# Cosmological redshift without approximations

The classical proof of cosmological redshift that leads to the relation:

$$\frac{\lambda_0}{\lambda_e}=1+z=\frac{a\left(t_0\right)}{a\left(t_e\right)}$$

is quite well known as for example (among many other textbooks) available here https://people.ast.cam.ac.uk/~pettini/Intro%20Cosmology/Lecture05.pdf.

However all textbooks (including that PDF) make the assumption that the change in $$a(t)$$ during the time intervals between two successive crests can be "safely neglected".

However this is not the case in an inflationary universe (at the beginning of "time"). So I was looking for a more rigorous expression for the cosmological redshift used by professional cosmologists or astrophysicists, because I cannot believe they use the relation above (that is an approximation) to publish scientific papers.

Does anyone know what is the real relation for the cosmological redshift used by professional scientists?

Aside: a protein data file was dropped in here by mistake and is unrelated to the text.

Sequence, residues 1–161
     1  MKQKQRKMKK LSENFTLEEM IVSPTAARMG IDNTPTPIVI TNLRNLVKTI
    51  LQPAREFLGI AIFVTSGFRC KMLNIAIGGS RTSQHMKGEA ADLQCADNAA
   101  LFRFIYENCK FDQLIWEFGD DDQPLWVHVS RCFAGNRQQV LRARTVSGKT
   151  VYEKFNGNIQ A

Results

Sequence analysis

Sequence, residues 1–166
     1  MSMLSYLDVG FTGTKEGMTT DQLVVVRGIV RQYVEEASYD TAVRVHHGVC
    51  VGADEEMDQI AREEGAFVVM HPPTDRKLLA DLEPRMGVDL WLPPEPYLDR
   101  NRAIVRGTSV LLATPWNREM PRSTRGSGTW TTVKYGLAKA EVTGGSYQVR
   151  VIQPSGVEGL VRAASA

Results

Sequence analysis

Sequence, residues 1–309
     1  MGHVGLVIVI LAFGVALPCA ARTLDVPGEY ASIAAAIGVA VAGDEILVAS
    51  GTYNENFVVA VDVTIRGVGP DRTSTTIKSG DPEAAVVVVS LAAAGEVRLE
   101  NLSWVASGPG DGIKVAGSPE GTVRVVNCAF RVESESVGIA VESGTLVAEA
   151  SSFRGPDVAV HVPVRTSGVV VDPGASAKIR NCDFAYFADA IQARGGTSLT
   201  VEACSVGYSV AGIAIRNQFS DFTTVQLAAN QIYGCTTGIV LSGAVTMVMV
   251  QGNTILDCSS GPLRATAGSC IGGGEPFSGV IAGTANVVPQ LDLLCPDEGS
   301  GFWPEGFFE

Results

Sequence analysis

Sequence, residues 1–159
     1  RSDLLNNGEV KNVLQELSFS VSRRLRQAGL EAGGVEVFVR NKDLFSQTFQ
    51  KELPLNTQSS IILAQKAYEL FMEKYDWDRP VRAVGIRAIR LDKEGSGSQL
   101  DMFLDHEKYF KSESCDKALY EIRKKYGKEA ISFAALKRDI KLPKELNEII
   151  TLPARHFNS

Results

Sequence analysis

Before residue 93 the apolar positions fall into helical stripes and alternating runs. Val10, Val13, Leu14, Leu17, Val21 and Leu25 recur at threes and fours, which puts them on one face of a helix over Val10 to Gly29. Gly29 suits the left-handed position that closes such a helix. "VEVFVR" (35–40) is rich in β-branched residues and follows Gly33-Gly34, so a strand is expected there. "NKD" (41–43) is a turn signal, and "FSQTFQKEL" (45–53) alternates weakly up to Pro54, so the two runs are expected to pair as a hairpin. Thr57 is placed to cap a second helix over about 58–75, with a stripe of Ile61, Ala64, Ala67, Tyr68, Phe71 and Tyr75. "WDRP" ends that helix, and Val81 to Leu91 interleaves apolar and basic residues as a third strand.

• You should rephrase your question as it effectively states that all textbooks written by amateurs. Commented Feb 28 at 10:44
• No for sure! But i know that sometimes they oversimplify on purpose because they assume the reader doesn't have the knowledge to deal with the real advanced maths. Commented Feb 28 at 10:46
• A less emotive title might be something like "Cosmological redshift without neglecting change in a(T). " or "Cosmological redshift without treating change in a(T) as negligible"."
– KDP
Commented Feb 28 at 10:57
• It's also worth mentioning that approximations made in physics are often not hiding "real advanced maths", but rather the result of having performed that "advanced math" and having realized that the deviations from the simplied result are effectively insignificant. You can go on and use full-fledged GR to calculate (approximatively) the trajectory of an apple falling off a tree, but you'll be wasting your time. Commented Feb 28 at 11:40

You can not access $$z$$ at the beginning of time as any observation of light beyond the CMB is impossible. Unless in very specific cases, and for all practical purpose, "professional scientists" always use
$$z=\frac{1}{a}-1$$
(and $$a(t_0)=1$$ by construction)